Re: Mastering Github with a screen reader
Vincent Le Goff <vincent.legoff.srs@...>
That might sound a bit arbitrary and perhaps even futile, but I believe the big stepping stone for Learning Github is to learn Git itself. What would Github be without it? Plus, learning Git actually helps in other platforms (being only one of several platforms using Git). That being the case, I must admit I learned Git and Github from the command line. I don't like using IDEs myself, so I actually put as much as possible in my command line, instead of in any IDE. Thus, I came across and installed github/hub (https://github.com/github/hub) which helps integrate Github manipulation into the Git command-line utility. And that's the one I mostly use now.
What this has to do with a screen reader is that the command-line interface will most likely be more accessible than websites or desktop applications, and allow for more operations. Git is admittedly a bit complicated, though lots of good resources exist out there to understand how it can be used and why use it in this way. When it comes to Git courses, you will find a lot of useful resources and, because they work in the console, you will have no trouble following the instructions and need no special instructio in regard to any screen reader (besides navigation in the console itself). I have used other Version Control Systems which offer more simple commands and actions, but have comeback to Git in the end and took the time I needed to understand how it worked. Like any good tool, Git offers a lot of functionalities and most of them I'll never use, or know how to use, I'm sure. On the other hand, if I'm stuck, a quick search or question usually gives me the proper syntax and I get extra bonuses that will remain, I believe, beyond the power of any desktop application. So my advise would be to learn the command-line interface (Git, to be sure, being different from Github, and Github/hub enhancing the Git command-line tool to communicate with Github platform). Sounds a bit confusing?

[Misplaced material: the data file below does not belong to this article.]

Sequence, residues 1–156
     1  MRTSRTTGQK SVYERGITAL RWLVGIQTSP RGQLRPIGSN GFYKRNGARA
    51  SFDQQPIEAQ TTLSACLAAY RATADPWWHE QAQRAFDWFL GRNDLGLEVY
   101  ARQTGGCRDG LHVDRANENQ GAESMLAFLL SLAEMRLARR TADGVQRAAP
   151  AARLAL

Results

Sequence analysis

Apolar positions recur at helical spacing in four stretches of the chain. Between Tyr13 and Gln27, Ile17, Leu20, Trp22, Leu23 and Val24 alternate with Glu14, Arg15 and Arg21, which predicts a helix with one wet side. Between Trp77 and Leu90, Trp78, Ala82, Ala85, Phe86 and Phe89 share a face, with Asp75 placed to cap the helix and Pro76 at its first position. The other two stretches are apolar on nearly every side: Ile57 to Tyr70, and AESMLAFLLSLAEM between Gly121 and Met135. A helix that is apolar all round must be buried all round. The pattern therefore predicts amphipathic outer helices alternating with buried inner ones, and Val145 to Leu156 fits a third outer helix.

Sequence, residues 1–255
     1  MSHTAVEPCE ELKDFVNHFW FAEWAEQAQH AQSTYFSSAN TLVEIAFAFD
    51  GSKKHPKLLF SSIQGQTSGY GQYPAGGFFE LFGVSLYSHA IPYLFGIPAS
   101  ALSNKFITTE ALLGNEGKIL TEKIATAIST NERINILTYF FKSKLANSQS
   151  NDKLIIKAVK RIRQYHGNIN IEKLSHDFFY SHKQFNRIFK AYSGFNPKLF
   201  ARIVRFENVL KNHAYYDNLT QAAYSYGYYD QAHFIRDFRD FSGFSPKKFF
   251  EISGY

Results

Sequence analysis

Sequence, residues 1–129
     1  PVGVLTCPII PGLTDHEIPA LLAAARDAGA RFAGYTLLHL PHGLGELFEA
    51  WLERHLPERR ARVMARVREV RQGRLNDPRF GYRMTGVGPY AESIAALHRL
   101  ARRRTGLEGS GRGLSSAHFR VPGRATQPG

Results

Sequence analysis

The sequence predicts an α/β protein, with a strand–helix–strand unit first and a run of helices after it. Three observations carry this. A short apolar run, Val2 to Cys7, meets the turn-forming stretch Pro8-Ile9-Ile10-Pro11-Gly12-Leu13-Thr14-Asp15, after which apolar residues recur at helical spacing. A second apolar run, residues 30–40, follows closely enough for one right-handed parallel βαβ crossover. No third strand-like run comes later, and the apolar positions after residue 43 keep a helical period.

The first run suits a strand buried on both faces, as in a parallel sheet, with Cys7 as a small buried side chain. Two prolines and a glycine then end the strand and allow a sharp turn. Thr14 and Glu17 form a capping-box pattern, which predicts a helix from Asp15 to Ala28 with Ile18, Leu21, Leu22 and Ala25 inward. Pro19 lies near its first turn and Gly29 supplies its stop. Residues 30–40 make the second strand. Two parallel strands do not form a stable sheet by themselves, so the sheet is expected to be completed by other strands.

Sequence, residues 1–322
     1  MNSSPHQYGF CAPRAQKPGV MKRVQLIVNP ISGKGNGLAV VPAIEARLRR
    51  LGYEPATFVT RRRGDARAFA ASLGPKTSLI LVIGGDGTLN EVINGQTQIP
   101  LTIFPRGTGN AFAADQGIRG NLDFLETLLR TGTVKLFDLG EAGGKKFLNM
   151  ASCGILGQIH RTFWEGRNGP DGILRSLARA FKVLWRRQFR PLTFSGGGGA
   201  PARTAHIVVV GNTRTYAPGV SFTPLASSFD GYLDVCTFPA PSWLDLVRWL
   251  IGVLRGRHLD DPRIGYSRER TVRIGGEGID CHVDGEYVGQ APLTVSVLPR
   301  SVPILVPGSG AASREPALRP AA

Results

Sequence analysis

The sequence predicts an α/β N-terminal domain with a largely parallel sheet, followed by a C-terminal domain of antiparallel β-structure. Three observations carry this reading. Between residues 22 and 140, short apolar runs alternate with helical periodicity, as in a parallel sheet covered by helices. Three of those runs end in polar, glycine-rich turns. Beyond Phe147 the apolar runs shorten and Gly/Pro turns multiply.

Git: a Control Version System (CVS), a software designed to keep track of a project, including changes in individual files, different versions and different working copies.
Github: a platform using Git, hosting Git projects and allowing a lot (but not all of) Git actions through its web interface.
Github/hub (https://github.com/github/hub): a command-line tool that adds to Git to allow Github actions from the command-line (like creating a pull request for instance).
On 10/6/2019 3:41 AM, George Kerscher wrote: